What is MultiPod? ACI MultiPod was first designed to enable the spread of ACI Fabric inside a building (into two or more Pods), let’s say in two rooms at different floors, without the need to connect all the Leafs from one room to all the Spines in the other room. It was a way of simplifying the cabling and all that comes with building spread CLOS topology fabric stuff. MultiPod also saves some Leaf ports giving the fact that Pod to Pod connection through Multicast enabled IPN network connects directly to Spines. People soon realized that MultiPod will be a great solution

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What is Cisco ACI?

Hello World This is an overview of what I think Cisco ACI actually is. It uses some examples from the lab environment to show you how the things look like when you start to work with ACI. There are other articles in the works which will be online soon and which will go in details through the real configuration of ACI and best practices while doing it. What is this Cisco ACI Fabric? Cisco ACI is a datacenter network Fabric. It actually means that it is a networking system of more networking L3 switches that have a modified, next-generation OS

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CLOS Topology

Edson Erwin invented this highly scalable and optimized way of connecting network nodes in the 1930s and Charles Clos made the telephone nodes interconnection design using that solution. It was even before we had IP networks. He invented it in order to optimize the architecture of telephony network systems back then. It was not used in IP based network for last few decades but it experienced a big comeback with new datacenter design in the last few years. It was first invented only for scalability requirements that it solved beautifully. In new datacenter design, CLOS topology of interconnecting network devices scalability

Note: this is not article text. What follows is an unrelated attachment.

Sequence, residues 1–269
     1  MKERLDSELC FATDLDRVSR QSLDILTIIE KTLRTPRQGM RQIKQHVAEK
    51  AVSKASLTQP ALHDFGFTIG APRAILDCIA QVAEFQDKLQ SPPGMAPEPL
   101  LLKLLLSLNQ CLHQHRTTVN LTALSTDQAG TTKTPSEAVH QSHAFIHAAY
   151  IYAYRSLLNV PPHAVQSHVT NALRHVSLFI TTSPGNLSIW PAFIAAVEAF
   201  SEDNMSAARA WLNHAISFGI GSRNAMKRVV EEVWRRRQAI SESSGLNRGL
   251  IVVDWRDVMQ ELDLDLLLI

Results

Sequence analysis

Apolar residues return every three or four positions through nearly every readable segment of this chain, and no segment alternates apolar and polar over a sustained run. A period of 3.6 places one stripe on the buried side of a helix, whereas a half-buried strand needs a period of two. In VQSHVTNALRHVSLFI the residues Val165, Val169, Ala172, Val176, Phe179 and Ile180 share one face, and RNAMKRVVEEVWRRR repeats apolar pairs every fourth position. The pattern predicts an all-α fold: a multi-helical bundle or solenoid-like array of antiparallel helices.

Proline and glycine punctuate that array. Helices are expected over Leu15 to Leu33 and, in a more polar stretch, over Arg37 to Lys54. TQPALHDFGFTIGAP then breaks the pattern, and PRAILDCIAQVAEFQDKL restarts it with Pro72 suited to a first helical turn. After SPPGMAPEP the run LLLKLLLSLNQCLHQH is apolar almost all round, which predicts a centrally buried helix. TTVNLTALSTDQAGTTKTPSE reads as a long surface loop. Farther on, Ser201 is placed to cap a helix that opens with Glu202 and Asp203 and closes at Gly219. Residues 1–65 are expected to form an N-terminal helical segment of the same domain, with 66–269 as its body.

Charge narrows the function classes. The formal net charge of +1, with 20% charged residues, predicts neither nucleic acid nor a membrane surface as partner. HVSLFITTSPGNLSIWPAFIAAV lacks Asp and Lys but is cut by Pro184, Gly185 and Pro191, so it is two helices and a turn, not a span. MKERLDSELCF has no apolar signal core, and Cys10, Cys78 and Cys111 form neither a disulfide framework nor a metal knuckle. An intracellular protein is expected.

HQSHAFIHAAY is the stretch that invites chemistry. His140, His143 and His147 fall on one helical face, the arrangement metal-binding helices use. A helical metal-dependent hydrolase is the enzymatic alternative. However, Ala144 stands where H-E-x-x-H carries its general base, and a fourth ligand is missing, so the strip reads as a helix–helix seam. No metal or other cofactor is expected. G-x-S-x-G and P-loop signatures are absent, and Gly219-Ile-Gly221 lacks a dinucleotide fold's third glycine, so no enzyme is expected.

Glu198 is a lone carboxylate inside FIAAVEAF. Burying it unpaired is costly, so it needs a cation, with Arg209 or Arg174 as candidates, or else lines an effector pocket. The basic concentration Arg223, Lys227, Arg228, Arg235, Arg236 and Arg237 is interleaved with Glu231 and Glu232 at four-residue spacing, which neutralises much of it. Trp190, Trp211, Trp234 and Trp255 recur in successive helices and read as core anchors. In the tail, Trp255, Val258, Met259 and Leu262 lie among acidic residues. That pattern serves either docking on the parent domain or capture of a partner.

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Cisco Champion for 2019

Again I made it to the list of Cisco Champions, making this the second year in a row! I am so glad that my effort to give back to the community and to all my networking fellows out there paid off again in the shape of this recognition from Cisco. This badge is only a small thing, relating to all the community connections and sharing that my involvement with networking community via social media and this blog, made possible. It only pushes me to get even more done in the future. In 2018 I was involved in a few very challenging new

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BFD – Sub-second Failure Detection

If there’s no BFD If you have two routers directly connected, like here: In this case, it is normal that one of them will remove the routes learned from the other if the other one goes down completely. It is because the link will go to down state and the routing protocol adjacency will disappear. If two routers are connected through an L2 device (switch) like down here: In this case, when one of them goes down, it will not take down the interface of the L3 neighbour (other router) because the switch will still work fine and it will

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MTU and TCP MSS

The largest chunk of bytes that a transport protocol can forward across specific medium is called MTU – Maximum Transmission Unit. If we speak about Ethernet, which is today the most common, he has by default 1522 bytes MTU. The story about MTU is that the MTU of specific protocol basically defines how much payload (or highest protocols headers + their payload) it can carry in its biggest packet, not counting his own headers. Putting more payload into single packet than the MTU allows will result in fragmentation, the process of slicing the frame into more smaller frames so that

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The New Way of Generating IPv6 – SLAAC EUI-64 Address Format

There was an old way of generating Interface IPv6 address using SLAAC process (Stateless autoconfiguration). You simply configured that you want SLAAC autoconfiguration and the interface IPv6 was generated by squeezing “FFFE” in hex (11111111 11111110 bits) between two parts of physical MAC address of that interface. Then, after a while, several comments came to IETF about the use of predictable Interface Identifiers in IPv6 addresses. They were pointing to the ease of correlation of host activities within the same network and across multiple networks. If Interface Identifiers are constant across networks this is negatively affecting the privacy and security of